• 12.  In order to get accommodations, you need to provide the school or program with documentation of the disability ◦ Sign off on consent to disclose ◦ Ask Case Manager/Transition Coordinator to send the documents directly to the school ◦ Private testing? ◦ Remember that students files are held by the the district for 5 years after graduation
  • 13.  Case Management Model – Schools work on an individual basis with students to insure success. Services Model – School provides appropriate accommodations for students based on their needs.
  • 14.  Decisions regarding the exact accommodations are made on an individual basis. College selects the services Colleges are not required to provide aides, services or devices for personal use or study Requirements for graduation are the same as general population.
  • 15.  UW – Oshkosh (Project Success) UW- Whitewater (Project Assist) Southern Illinois University (Achieve Program) Lynn (Comprehensive Support Program) Loras (Learning Disabilities Program) University of Arizona (SALT Program) U of Indianapolis (BUILD) Vincennes University (STEP) Lincoln College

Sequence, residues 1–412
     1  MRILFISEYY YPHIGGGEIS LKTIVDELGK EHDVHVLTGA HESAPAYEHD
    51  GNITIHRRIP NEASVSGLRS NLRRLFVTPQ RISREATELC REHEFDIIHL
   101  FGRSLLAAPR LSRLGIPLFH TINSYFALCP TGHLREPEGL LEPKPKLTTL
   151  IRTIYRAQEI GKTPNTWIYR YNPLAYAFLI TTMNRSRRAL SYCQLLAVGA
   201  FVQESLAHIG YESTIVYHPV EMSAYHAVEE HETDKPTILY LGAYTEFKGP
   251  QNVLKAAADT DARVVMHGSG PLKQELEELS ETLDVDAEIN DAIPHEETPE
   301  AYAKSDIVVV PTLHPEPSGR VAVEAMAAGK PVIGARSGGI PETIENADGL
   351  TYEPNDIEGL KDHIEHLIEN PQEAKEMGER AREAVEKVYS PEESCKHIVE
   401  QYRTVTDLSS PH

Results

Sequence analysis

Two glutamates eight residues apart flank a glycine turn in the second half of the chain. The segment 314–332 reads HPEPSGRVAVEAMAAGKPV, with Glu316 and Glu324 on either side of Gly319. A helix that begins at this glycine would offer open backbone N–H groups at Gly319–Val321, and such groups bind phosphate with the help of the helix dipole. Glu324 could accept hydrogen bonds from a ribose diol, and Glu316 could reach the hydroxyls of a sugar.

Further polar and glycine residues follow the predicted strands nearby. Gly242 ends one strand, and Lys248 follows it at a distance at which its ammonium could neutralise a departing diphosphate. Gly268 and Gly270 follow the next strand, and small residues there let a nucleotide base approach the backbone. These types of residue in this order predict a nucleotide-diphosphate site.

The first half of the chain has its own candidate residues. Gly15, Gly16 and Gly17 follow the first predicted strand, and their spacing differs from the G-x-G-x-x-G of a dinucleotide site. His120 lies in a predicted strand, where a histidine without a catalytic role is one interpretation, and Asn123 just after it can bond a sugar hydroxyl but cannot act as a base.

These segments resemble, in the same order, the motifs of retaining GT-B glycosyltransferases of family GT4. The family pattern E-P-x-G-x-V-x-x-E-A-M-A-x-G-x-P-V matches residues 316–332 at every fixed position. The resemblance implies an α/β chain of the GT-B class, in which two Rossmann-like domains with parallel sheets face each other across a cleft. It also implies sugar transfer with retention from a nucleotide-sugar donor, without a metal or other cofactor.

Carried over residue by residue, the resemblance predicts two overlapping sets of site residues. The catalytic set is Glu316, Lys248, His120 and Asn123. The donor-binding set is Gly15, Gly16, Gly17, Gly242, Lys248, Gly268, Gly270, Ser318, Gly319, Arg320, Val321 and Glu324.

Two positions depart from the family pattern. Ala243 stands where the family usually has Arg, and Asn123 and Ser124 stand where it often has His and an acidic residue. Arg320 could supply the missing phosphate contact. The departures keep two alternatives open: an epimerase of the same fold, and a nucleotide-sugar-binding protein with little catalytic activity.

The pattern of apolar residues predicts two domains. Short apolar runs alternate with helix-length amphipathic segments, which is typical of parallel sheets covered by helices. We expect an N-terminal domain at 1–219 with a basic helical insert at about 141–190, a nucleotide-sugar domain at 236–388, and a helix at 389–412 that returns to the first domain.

• 16.  Landmark – specifically for students with LD or ADHD Beacon – specifically for students with LD
  • 17.  University of Wisconsin - Whitewater University of Illinois University of Wisconsin – Madison Purdue University of Arizona
  • 18.  College of Lake County, Harper, Oakton Offer a variety of programs both technical and academic All schools have offices for students with disability Remedial classes are sometimes necessary Some students will not be eligible for CC coursework
  • 19.  Vincennes (STEP Program) Lincoln (ADHD) also good for LD Ferris State (some two year programs) Kirkwood
  • 20. Some programs focus on basic skills review and reinforcement of independent life skills. usually have their own contained facility or separate facilities on traditional campuses. strong vocational component. An experiential approach to skill building and vocational planning leads to non-degree status upon graduation from the program. These programs are designed to accommodate students whose options may not include traditional college
  • 21.  PACE Program (National Louis) ELSA (Elmhurst College) Career Foundations (Harper College) Personal Success Program (College of Lake County)